The impact of inappropriate antibiotics on bacteremia patients in a community hospital in Taiwan: an emphasis on the impact of referral information for cases from a hospital affiliated nursing home
- Equal contributors
1 Department of Internal Medicine, Kaohsiung Municipal Ta-Tung Hospital, Kaohsiung Medical University Hospital, Kaohsiung Medical University, Kaohsiung, Taiwan
2 Division of Pulmonary and Critical Care Medicine, Kaohsiung Medical University, Kaohsiung, Taiwan
3 Division of Infectious Diseases, Department of Internal Medicine, Kaohsiung Medical University Hospital, Kaohsiung, Taiwan
4 Wen-Hsiung Hospital, Kaohsiung, Taiwan
5 College of Medicine, Kaohsiung Medical University, Kaohsiung, Taiwan
6 Department of Internal Medicine, Kaohsiung Medical University Hospital, Kaohsiung Medical University, #100, Tzyou 1st Road, Kaohsiung City 807, Taiwan
BMC Infectious Diseases 2013, 13:500 doi:10.1186/1471-2334-13-500Published: 24 October 2013
Evidence for the impact of inappropriate antimicrobial therapy on bacteremia is mainly from studies in medical centers. We investigated the impact of inappropriate antimicrobial therapy on bacteremia in a community hospital. In particular, patients from the hospital’s affiliated nursing home were sent to the hospital with adequate referral information.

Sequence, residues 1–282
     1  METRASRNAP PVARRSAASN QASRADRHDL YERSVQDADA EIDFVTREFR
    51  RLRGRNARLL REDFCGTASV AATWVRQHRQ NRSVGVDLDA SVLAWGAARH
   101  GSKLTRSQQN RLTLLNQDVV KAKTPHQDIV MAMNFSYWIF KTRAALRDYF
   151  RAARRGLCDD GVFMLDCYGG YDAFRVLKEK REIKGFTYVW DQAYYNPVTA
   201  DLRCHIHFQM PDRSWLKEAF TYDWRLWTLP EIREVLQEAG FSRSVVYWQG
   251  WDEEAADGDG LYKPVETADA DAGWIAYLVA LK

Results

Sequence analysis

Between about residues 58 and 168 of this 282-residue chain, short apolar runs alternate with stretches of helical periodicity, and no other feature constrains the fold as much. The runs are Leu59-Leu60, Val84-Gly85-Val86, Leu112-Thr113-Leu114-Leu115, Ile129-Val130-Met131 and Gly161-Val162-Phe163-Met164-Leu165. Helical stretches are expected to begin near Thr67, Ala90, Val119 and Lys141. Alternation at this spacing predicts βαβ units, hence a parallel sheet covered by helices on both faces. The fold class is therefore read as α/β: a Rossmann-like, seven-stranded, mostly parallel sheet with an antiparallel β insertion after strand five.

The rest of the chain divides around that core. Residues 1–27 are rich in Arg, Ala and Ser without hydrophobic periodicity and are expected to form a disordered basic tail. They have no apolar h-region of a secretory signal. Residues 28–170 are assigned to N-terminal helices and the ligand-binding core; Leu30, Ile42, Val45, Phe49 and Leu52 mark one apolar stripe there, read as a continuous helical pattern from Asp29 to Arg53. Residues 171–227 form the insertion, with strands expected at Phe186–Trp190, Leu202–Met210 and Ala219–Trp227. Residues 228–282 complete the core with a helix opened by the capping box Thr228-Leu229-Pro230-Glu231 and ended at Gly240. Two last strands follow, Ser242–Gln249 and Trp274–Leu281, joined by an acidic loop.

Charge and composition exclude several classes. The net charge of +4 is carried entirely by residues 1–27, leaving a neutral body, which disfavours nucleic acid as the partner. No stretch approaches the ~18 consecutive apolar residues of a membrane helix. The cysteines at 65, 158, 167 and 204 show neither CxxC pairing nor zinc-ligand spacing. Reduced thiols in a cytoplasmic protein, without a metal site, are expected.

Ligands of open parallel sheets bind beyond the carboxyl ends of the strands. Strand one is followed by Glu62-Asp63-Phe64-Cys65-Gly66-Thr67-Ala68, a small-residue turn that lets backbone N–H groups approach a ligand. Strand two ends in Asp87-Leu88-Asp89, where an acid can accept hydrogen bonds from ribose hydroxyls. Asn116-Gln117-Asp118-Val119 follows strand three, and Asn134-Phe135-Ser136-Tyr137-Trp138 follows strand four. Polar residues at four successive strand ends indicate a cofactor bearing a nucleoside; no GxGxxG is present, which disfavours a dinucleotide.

We performed a retrospective study to collect data of patients with bacteremia in a community hospital in Taiwan from 2005 to 2007.
A total of 222 patients with blood stream infection were diagnosed, of whom 104 patients (46.8%) died. The rate of initial inappropriate antibiotic prescriptions was high (59%). Multivariate analysis revealed that patients with initial inappropriate antibiotics, patients with ventilator support and patients requiring ICU care were the independent predictors for inhospital mortality. Patients referred from the hospital-affiliated nursing home and patients with normal WBC counts had better survival outcome. More than 80% cases infected with methicillin-resistant Staphylococcus aureus (MRSA) and Enterococcus faecalis received initial inappropriate antimicrobial therapy. With the longer delay to administer appropriate antibiotic, a trend of higher mortality rates was observed.
Bacteremia patients from a hospital-affiliated nursing home had a better prognosis, which may have been due to the adequate referral information. Clinicians should be aware of the commonly ignored drug resistant pathogens, and efforts should be made to avoid delaying the administration of appropriate antibiotic therapy.